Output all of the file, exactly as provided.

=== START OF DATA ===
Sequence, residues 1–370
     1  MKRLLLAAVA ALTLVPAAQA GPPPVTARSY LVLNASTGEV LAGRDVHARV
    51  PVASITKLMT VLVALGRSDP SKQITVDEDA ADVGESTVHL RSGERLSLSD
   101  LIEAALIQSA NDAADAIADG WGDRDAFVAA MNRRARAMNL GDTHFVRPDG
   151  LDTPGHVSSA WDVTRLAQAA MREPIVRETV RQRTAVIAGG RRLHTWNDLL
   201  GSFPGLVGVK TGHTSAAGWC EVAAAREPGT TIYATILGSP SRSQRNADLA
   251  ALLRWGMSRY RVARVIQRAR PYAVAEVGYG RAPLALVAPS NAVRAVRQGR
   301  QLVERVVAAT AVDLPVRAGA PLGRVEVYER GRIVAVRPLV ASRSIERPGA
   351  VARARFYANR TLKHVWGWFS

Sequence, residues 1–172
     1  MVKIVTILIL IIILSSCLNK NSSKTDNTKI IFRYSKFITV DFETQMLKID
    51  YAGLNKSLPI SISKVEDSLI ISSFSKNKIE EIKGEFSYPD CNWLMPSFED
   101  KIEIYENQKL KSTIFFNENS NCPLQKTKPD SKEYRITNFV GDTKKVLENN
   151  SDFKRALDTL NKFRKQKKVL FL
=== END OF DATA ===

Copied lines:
Sequence, residues 1–370
     1  MKRLLLAAVA ALTLVPAAQA GPPPVTARSY LVLNASTGEV LAGRDVHARV
    51  PVASITKLMT VLVALGRSDP SKQITVDEDA ADVGESTVHL RSGERLSLSD
   101  LIEAALIQSA NDAADAIADG WGDRDAFVAA MNRRARAMNL GDTHFVRPDG
   151  LDTPGHVSSA WDVTRLAQAA MREPIVRETV RQRTAVIAGG RRLHTWNDLL
   201  GSFPGLVGVK TGHTSAAGWC EVAAAREPGT TIYATILGSP SRSQRNADLA
   251  ALLRWGMSRY RVARVIQRAR PYAVAEVGYG RAPLALVAPS NAVRAVRQGR
   301  QLVERVVAAT AVDLPVRAGA PLGRVEVYER GRIVAVRPLV ASRSIERPGA
   351  VARARFYANR TLKHVWGWFS

Sequence, residues 1–172
     1  MVKIVTILIL IIILSSCLNK NSSKTDNTKI IFRYSKFITV DFETQMLKID
    51  YAGLNKSLPI SISKVEDSLI ISSFSKNKIE EIKGEFSYPD CNWLMPSFED
   101  KIEIYENQKL KSTIFFNENS NCPLQKTKPD SKEYRITNFV GDTKKVLENN
   151  SDFKRALDTL NKFRKQKKVL FL